"I think even though this is a multiple rocket launch system, it would constitute a violation of the relevant U.N. Security Council resolutions," Panda says. "We'll have to see what the U.N. Security Council does tomorrow."
Moratorium on launches
Depending on how the latest test is characterized, North Korea has launched five or seven ballistic missiles since May.
U.S. and South Korean officials have shrugged off the launches, in an apparent attempt to preserve the possibility of nuclear talks with North Korea.
Speaking to Fox Business Network on Thursday, White House national security adviser John Bolton said the launches do not violate Kim's pledge not to conduct intercontinental range ballistic missiles.
"But you have to ask when real diplomacy is going to begin, when the working-level discussions on denuclearization will begin," Bolton said.
Kim in 2018 declared a self-imposed moratorium on intercontinental ballistic missile launches and nuclear tests. U.S. officials say Kim has also promised Trump not to conduct longer-range missile launches or nuclear tests.
Last month, North Korea's foreign ministry threatened to resume ICBM and nuclear tests if Washington and Seoul went ahead with planned joint military exercises.
Short-range weapons still a threat
Though North Korean tests since May have involved only short-range weapons, they still represent a threat.
North Korea's KN-23 short-range ballistic missile in particular appears to be built to avoid detection.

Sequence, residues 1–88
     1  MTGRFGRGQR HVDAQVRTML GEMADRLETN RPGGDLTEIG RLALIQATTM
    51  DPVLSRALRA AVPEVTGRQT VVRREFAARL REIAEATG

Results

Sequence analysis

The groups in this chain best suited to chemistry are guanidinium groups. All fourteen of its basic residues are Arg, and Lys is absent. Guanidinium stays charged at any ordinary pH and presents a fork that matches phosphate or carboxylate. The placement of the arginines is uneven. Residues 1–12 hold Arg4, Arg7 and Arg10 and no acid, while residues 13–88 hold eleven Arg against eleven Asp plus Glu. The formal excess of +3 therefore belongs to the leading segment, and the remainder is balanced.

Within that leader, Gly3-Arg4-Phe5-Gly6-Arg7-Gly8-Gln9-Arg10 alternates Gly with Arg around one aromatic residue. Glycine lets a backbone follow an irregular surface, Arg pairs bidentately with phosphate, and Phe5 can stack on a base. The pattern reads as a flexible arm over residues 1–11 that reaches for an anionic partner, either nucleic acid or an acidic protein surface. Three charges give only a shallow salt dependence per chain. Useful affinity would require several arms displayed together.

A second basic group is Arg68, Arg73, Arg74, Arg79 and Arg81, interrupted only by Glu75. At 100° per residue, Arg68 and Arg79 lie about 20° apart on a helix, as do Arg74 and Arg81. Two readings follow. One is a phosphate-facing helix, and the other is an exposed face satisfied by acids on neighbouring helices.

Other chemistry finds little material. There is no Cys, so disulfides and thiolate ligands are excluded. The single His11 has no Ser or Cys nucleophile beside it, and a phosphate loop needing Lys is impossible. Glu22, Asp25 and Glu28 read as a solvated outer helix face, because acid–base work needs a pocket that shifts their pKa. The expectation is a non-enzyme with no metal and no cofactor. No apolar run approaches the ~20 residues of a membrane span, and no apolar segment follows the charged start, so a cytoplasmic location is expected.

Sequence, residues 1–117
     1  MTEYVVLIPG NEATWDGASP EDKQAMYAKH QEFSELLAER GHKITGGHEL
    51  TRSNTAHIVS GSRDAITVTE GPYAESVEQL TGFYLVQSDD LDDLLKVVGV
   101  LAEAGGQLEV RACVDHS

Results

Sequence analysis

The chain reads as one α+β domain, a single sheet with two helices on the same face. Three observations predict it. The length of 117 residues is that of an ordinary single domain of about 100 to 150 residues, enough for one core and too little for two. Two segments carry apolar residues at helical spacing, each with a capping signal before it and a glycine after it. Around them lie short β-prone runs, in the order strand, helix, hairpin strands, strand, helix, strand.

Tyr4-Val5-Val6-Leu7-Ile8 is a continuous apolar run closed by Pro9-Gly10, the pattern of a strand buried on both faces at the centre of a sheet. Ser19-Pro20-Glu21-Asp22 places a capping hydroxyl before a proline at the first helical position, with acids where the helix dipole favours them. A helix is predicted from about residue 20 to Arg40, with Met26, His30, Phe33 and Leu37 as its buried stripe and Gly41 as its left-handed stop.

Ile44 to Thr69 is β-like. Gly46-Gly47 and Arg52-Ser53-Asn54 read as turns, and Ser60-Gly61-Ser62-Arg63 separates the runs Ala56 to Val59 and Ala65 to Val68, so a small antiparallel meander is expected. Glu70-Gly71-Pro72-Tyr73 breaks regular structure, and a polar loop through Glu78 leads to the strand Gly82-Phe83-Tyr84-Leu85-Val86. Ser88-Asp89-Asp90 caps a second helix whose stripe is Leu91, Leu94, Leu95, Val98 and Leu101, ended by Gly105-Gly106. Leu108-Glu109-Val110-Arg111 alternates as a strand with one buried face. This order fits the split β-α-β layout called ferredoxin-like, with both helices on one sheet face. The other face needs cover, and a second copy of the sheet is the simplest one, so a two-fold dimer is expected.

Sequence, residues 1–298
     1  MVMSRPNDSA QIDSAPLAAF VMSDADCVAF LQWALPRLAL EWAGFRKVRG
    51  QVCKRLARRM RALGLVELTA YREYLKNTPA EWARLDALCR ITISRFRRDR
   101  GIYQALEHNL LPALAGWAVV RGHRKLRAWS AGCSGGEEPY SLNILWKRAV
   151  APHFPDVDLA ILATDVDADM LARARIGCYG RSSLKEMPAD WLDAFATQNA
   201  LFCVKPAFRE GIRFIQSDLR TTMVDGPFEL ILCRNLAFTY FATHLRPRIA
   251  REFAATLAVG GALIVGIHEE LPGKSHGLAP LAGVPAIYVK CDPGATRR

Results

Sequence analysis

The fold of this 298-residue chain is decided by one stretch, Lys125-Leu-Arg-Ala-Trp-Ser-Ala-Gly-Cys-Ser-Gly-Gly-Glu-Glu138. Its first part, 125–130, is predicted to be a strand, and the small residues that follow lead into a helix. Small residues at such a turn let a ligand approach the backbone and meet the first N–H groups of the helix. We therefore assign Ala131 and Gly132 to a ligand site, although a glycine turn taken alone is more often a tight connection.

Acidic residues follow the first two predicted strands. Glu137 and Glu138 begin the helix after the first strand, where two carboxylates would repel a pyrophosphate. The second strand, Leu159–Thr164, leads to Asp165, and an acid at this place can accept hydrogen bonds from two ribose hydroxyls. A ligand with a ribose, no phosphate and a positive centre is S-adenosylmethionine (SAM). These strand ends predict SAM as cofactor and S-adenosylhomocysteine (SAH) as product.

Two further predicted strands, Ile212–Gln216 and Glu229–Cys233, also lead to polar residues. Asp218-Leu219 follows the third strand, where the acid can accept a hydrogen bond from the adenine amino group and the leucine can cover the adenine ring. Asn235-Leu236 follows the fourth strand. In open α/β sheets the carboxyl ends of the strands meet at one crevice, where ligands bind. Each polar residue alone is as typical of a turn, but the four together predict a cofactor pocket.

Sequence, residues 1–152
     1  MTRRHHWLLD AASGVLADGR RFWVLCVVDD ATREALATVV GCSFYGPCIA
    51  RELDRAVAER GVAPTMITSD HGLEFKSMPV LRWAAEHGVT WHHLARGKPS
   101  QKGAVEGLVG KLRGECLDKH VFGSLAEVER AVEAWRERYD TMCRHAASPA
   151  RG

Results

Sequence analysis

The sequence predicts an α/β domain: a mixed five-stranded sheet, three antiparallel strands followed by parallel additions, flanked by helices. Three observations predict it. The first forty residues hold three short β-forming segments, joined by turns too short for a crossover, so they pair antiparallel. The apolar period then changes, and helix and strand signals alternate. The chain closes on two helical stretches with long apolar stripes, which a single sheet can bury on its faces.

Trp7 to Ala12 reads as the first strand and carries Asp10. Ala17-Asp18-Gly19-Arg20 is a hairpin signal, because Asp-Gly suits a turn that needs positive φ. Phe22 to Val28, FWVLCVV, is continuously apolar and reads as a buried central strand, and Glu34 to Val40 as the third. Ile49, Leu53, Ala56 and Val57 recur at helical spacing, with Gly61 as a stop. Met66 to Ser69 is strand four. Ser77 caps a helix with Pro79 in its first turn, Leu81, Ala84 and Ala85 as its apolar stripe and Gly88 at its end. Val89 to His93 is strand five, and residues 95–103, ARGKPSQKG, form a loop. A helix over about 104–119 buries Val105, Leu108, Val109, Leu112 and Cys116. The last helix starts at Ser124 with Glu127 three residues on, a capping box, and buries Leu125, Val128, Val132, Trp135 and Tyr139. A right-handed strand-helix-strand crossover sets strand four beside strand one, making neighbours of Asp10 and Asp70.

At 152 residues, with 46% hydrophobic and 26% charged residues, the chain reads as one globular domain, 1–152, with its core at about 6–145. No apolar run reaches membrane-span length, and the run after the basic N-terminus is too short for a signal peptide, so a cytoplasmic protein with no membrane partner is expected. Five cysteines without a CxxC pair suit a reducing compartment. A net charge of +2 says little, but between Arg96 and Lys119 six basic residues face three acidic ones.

The missile is solid-fueled and launched from a truck, meaning it can be easily hidden and rapidly deployed. It flies quickly at low altitudes and is maneuverable in flight, making it easier for the missile to evade radar detection.
"It can be maneuvered during its ballistic trajectory, making it difficult to predict where the missile will land and intercept it before it does, and difficult to detect exactly where the missile came from," says Duyeon Kim of the Center for a New American Security.
The emergence of the missile, and South Korea's apparent difficulty in tracking it, has exposed possible gaps in South Korean and U.S. missile defense systems.
"I think the KN-23 is flying low enough that it is hard for South Korea's radar to detect. It's going to mean some expensive upgrades to track these new missiles better, or the U.S. will have to use space-based infrared and pass information very quickly to South Korea," says Melissa Hanham, a weapons expert with the Open Nuclear Network.
"If we can't track them, then we definitely can't intercept them," Hanham adds.
Trump, who now appears to have established a precedent for not complaining about North Korea's short-range missile tests, is in an awkward position.
"Trump's reactions to the missile tests have to walk that fine line between reacting too strongly and killing talks and not reacting at all, which could encourage Kim to keep testing in the future," says Eric Gomez, a policy analyst focusing on missile defense systems at Washington's Cato Institute.
"Trump has leaned more toward a light reaction to keep diplomacy alive," he says. "This isn't a bad approach, but he could also stand to be a bit tougher on North Korea rhetorically in order to try and get them to stop testing missiles.
"For example, Trump or another senior member of the administration could issue a strongly worded message criticizing the test while offering talks on security assurances that could include military drills as a topic, sending the message that there is a way for Kim to get what he wants but he can only do so via diplomacy and not missile tests," he adds.
Leif-Eric Easley, a professor at Ewha Womans University in Seoul, says it is inappropriate to shrug off the tests simply because they are short-range weapons.
"These missiles represent technological developments that threaten U.S. allies and forces in Asia," he says.
Lee Juhyun contributed to this report.